New York City Elder Law Representation
Elder law refers to the field of law that addresses issues most likely to affect the elderly. This includes incapacity, nursing home issues, and estate planning. While seniors are the most likely demographic group to develop an incapacitating illness or injury, to go into a nursing home, or to pass away, these things can happen to anyone of any age. As a result, everyone needs to talk with an elder law attorney.
Our firm devotes a considerable amount of time on issues that affect the growing aging population. Elder Law representation involves many different areas. These areas include planning for retirement planning; planning for “In-home” and nursing home care; Medicaid planning; trust and estate planning and administration; and the prevention of elder abuse or neglect.
Medicaid Planning for “In-Home” Care
In order to be eligible obtain Medicaid coverage for “in-home” home care, the applicant’s income and resources must not exceed Medicaid guidelines. Our firm handles Medicaid planning and applications for “in-home” nursing care.
Medicaid Planning for Nursing Home Care
When it comes to Medicaid planning for nursing home care, many people have heard of the 5-year “look-back period”. They worry that planning done less than 5 years before a person needs such Medicaid benefits won’t be beneficial. While Medicaid planning done 5 years in advance is better than planning done 5 minutes in advance, it’s never too late! Our firm handles Medicaid planning and applications for nursing home care.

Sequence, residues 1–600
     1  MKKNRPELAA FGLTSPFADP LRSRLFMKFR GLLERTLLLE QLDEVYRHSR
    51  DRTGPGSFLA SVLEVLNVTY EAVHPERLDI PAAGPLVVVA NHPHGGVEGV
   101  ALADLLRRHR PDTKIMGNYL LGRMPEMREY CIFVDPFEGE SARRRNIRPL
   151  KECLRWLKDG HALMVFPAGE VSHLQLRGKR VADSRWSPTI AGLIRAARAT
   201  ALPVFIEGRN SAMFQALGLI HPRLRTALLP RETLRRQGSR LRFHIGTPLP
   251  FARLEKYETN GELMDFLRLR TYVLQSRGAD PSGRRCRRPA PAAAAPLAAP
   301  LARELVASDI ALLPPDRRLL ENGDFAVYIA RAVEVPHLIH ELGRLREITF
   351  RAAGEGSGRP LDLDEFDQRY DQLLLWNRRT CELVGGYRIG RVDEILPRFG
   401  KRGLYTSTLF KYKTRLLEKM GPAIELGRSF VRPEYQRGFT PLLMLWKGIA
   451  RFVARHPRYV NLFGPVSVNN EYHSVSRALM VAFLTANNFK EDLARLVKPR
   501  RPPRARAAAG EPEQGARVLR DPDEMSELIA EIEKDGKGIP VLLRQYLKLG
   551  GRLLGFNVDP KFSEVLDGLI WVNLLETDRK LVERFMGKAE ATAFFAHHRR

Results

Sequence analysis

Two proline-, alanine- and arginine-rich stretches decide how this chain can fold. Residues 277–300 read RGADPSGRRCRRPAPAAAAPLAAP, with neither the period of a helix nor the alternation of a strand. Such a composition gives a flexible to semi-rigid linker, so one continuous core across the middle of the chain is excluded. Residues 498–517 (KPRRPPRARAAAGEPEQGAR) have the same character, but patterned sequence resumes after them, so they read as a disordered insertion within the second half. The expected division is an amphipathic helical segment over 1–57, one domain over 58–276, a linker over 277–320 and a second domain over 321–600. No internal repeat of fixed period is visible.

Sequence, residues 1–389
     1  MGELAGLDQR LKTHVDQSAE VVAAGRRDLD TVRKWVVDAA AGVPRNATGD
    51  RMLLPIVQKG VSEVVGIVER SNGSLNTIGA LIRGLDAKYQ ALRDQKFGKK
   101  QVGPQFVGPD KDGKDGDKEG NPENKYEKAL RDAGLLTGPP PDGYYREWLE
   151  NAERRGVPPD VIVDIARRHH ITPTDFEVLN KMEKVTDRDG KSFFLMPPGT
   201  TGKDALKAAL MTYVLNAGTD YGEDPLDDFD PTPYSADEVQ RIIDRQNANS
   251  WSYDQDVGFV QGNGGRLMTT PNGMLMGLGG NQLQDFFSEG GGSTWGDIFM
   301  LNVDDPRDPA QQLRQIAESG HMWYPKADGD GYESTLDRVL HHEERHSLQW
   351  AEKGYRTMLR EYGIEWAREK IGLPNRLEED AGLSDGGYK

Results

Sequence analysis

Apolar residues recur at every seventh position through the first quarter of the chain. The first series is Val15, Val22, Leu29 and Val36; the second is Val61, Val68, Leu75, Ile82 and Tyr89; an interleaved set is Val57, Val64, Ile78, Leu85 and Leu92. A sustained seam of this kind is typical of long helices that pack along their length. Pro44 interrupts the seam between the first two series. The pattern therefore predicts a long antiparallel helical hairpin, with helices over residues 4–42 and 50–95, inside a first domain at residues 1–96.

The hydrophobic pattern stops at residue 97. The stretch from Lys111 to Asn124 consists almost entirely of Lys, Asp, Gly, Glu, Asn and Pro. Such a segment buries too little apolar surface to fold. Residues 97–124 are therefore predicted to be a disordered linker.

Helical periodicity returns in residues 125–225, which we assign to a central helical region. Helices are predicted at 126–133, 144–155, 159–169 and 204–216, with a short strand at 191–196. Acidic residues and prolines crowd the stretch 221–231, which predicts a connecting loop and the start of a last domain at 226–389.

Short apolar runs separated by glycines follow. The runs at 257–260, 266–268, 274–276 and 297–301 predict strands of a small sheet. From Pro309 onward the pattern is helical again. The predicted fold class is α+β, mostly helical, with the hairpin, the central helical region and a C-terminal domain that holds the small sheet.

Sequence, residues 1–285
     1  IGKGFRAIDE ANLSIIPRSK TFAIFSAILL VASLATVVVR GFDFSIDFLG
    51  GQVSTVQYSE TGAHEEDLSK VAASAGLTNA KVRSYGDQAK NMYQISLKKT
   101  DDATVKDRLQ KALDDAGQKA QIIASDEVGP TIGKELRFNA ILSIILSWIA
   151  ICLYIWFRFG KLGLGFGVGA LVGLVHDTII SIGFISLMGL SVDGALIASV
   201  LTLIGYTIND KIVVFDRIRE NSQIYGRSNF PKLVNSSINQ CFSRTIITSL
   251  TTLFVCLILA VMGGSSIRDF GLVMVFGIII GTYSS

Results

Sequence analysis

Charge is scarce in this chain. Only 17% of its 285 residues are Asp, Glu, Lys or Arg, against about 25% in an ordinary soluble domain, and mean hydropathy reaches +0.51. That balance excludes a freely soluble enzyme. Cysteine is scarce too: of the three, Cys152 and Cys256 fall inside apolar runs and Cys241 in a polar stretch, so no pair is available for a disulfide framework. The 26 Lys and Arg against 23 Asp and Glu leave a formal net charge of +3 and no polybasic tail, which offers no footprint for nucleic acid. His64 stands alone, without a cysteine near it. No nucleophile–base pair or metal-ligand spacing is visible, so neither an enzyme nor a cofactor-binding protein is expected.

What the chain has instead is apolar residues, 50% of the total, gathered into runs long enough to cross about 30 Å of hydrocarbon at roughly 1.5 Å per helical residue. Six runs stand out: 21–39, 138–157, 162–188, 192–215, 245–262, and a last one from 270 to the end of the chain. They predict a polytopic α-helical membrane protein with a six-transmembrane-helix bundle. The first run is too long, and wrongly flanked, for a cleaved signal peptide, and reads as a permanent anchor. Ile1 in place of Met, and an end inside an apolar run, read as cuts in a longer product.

Estate Planning usually involves the preparation of a Will or the establishment of a Revocable Living Trust or an Irrevocable Living Trust, as well as the preparation of a Durable General Power of Attorney, a Health Care Proxy, a HIPPA form and Living Will. These documents need to be drafted according to the individual needs of our clients.
Preventing Elder Abuse or Neglect
There are many ways to prevent elder abuse and neglect. Most solutions center around the need for “proper planning.” Proper planning involves the need to understand the law and to “think ahead”. This planning may include the establishment of a guardianship for an incapacitated person, or properly-drawn Durable General Powers of Attorney and Health Care Proxies.
Check out our FREE Elder Law Resources for more information.
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